by Drew Hackett
Every kid is thrilled to just catch a fish. Type and size is of little importance. Kids just want to see that bobber go down so they can get to cranking. However, as that kid grows so will the desire to hook into a reel squeeler, the type of fish that burns your biceps and turns your knuckles white.
A few weeks ago I asked my son what he wanted to do the upcoming weekend. His answer, “I wanna go after a big cat.” Now there’s certain moments in a father’s life that makes him fill up with all sorts of warm and fuzzy. This was one of those times. “The boy wants to sit on a bucket by the river all weekend. What great aspirations!” I thought to myself.
We headed to where I felt we had the best opportunity locally, Linn Grove dam on the Little Sioux River. We arrived late Friday night, quickly set up camp in the dark and bolted down to the river to bait up. I was able to stop the dude before he cut up his bait. “Put the knife down before you ruin that blugill” I said. “Um, huh?” said the bewildered power dude. “Bigbaitbigfish” I grunted in one word. “Just cut the gut open and stab the whole thing on.” The dude chuckled, “this thing’s like 8 inches long…” After a bit of bantering back and forth I told him to make two fists. “Those fists will fit into the mouth of the cat you’re after.” That pretty much ended that. The gill went on whole.
Instead of fishing below the dam we positioned ourselves in the narrow channel exiting the pool. I’m not real convinced the big channel cats lay around inside the scour all day. I think most of them have holes down stream and head to the dam at night to feed. My reasoning behind this? Because at Linn Grove there is nothing short of 15 people fishing the pool at any given time during the day. If a spot goes empty another fisherman fills it immediately! They fish it like it’s their job. I couldn’t find a time clock but I’m pretty sure they were taking shifts. So with that many hooks in the water there should at least be a few big cats caught during the day, which usually just isn’t the case. With that in mind, we decided to fish the entrance channel trying to pick off one that might be heading to or from the pool. Also, If you put out enough lines they’re sure to hit one of them on their way through that narrow. It’s kinda like working a funnel while deer hunting.
We sat there for about an hour with the Dude fidgeting with his flashlight every few seconds. “You under distress?” I asked. “Distress? What… no, why?” he wondered. “Because you’ve been signaling SOS across the river for the past half hour. No need to check your pole, you’ll know it when it happens” I explained. Then right on queue it DID happen – REEER RER REEER! The dude jumped up and set the hook into what he later described as “the bumper from a Chevy Silverado.” A furious 5 minute fight ensued with neither young man nor fish gaining ground. Then the heart sinking “SNAP” gave way, sending the dude stumbling backwards as if the opposing side of the tug-of-war rope just let go. “AH NOOO sassafrassa$#&* I can’t believe it!” After investigating the line we felt maybe it was either a toothy critter or a rock that clean cut the line. Either way, it was officially on for the following night. We headed to camp slightly bummed out but not deterred.
Our plan the next morning was simple – get up and fish before the morning shift began. The morning started promising indeed! There in the dark we had the whole place to ourselves. As the sun rose we noticed people began piling in. It was like a scene from the “Walking Dead.” You think you’re in a safe area then 1 by 1 zombies smell blood and slowly make their way to you. We were surrounded! With 3 of them coming up my right flank I bolt left only to be cut off by an ear grabber! He pumped me full of so much BS about the huge walleyes he caught that morning I had no option but to retreat to the rendezvous point. After assessing the situation we decided to cook up the few small cats we caught that morning and wait it out until dusk. Surely some of these guys had wives to get home to!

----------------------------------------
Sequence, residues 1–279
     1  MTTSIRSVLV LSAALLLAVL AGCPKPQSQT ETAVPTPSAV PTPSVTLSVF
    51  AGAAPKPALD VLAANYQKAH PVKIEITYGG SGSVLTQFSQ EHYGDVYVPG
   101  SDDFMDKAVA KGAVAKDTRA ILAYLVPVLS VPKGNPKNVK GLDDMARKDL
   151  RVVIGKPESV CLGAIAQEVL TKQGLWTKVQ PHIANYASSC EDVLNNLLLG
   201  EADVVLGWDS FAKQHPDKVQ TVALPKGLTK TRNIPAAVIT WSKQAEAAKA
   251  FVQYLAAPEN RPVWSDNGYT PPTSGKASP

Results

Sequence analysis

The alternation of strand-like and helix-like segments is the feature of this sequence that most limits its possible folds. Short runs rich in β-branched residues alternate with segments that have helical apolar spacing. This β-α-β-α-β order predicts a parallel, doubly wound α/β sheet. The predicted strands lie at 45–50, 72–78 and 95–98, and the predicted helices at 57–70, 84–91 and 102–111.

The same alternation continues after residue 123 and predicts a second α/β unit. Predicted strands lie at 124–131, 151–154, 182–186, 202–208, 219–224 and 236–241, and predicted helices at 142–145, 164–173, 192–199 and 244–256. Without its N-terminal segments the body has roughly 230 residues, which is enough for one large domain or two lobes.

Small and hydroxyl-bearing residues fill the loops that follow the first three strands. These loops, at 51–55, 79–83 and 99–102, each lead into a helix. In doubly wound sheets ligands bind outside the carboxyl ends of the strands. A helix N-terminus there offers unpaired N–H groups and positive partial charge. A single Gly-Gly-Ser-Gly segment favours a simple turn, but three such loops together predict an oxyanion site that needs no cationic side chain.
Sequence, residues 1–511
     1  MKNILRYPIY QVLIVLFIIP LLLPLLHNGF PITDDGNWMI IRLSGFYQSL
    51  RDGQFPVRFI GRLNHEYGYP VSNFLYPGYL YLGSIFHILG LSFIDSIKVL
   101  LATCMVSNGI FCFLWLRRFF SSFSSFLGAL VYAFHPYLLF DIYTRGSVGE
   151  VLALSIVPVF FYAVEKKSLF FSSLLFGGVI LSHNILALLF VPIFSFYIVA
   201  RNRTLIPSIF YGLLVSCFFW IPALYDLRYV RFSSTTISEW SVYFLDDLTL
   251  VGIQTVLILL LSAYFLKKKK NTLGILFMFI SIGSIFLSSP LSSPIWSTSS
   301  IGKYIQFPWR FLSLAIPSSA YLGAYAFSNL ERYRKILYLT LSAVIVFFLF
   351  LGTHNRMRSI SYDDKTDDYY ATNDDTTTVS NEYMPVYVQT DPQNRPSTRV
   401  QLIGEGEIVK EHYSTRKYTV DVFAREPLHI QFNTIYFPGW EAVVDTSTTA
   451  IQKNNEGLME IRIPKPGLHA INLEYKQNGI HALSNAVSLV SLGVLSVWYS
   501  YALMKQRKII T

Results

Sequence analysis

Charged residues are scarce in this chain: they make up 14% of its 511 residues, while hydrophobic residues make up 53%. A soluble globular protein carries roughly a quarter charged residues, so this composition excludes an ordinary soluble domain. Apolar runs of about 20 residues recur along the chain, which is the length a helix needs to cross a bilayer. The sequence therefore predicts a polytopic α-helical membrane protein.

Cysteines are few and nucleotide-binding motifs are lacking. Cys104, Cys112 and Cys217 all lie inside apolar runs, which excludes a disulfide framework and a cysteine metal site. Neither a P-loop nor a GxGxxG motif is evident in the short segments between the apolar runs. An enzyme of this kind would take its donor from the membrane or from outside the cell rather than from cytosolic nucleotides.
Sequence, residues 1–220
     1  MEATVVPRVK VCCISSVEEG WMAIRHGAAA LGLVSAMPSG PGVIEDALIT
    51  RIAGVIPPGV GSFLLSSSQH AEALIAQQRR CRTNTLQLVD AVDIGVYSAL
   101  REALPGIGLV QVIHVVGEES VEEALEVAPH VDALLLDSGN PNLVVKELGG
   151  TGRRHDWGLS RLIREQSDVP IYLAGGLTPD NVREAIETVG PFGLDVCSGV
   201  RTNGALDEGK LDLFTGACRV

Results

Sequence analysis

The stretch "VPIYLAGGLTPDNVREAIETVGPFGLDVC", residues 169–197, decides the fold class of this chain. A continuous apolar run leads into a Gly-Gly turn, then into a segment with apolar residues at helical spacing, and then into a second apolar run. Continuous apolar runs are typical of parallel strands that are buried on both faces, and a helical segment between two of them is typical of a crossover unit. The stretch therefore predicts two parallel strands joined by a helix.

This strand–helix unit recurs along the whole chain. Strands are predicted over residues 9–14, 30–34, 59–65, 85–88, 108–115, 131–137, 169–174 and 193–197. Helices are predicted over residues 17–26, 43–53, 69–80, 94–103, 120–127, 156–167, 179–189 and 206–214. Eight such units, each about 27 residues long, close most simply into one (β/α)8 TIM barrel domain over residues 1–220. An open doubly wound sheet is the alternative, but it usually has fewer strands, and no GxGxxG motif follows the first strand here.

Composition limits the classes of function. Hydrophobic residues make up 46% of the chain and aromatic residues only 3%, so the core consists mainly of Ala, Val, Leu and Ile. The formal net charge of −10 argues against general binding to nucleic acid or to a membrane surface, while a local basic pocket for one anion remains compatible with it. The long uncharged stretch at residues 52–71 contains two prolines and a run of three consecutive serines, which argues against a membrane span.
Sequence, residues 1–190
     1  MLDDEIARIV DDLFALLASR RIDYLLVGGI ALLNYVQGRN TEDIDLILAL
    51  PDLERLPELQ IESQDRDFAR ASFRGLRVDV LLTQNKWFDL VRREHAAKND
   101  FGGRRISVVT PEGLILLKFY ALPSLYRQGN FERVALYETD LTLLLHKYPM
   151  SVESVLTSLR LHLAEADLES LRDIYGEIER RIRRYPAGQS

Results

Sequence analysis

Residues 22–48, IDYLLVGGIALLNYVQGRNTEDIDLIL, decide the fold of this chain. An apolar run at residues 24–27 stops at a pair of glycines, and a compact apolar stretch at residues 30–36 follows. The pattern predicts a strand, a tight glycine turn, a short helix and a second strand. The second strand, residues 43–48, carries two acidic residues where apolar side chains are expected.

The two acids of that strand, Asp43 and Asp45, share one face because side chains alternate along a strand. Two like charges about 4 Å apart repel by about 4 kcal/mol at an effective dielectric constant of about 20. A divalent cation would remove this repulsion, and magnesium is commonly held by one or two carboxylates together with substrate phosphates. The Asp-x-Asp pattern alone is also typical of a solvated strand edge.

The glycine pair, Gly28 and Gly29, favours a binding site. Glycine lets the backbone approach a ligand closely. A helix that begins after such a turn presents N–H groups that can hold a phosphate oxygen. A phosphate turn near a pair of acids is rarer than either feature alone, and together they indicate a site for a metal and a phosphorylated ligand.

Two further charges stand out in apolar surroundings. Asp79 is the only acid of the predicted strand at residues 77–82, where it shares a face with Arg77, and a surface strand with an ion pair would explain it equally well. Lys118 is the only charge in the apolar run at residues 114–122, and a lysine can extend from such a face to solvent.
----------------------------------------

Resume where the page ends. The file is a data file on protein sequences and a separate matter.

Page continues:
We fished a bit downstream early evening and made our way to the pool after dark. This time we had a 10” freshly caught sucker for bait. The dude cut about a 4” section out of it, stabbed it on his hook and heaved it into the dam’s eddy.
A 5 hour rot-fest ensued. This did not deter the dude, he knew there was a big one in there and was willing to wait him out as long as it took. At about 2 am the catfish gods were appeased enough with our effort and summoned a bite that literally ripped the pole holder out of the ground! The dude quickly pounced on the pole and reared back like he meant it! What ensued was a fight for the ages. The kid has caught some nice fish before, but nothing compares to a ram snorting fat river cat!
I offered up the role of ringside coach. “You gotta stick and move, you gotta tire him out, see. Let him go on those runs and when he tires you turn him around and ease him in. Keep the pressure on him.” We battled that fish the rest of the night (minus the rest of the night). I swear I felt the river level drop when I lifted it to shore. Official weight – 16 tons! What a fish!
All BS aside, there’s moments we chase when we’re out doing our hunting and fishing thing. For some people it’s arrowing a monster buck, for some it’s the serenity of just being there. All of it is great, but the best for me is times like this. When that thing happens that makes time stand still. When the only sound is the river and the hooting and hollering of a 14 year boy that just landed the fish of his life.
[wwcAmzAffProducts asin=”B00S1F3YJK”][/wwcAmzAffProducts][wwcAmzAffProducts asin=”B011LVDTRM”][/wwcAmzAffProducts][wwcAmzAffProducts asin=”B011LVDHXI”][/wwcAmzAffProducts][wwcAmzAffProducts asin=”B011LV7B4O”][/wwcAmzAffProducts][wwcAmzAffProducts asin=”B00XIW10RO”][/wwcAmzAffProducts] [wwcAmzAffProducts asin=”B0186UXYO4″][/wwcAmzAffProducts]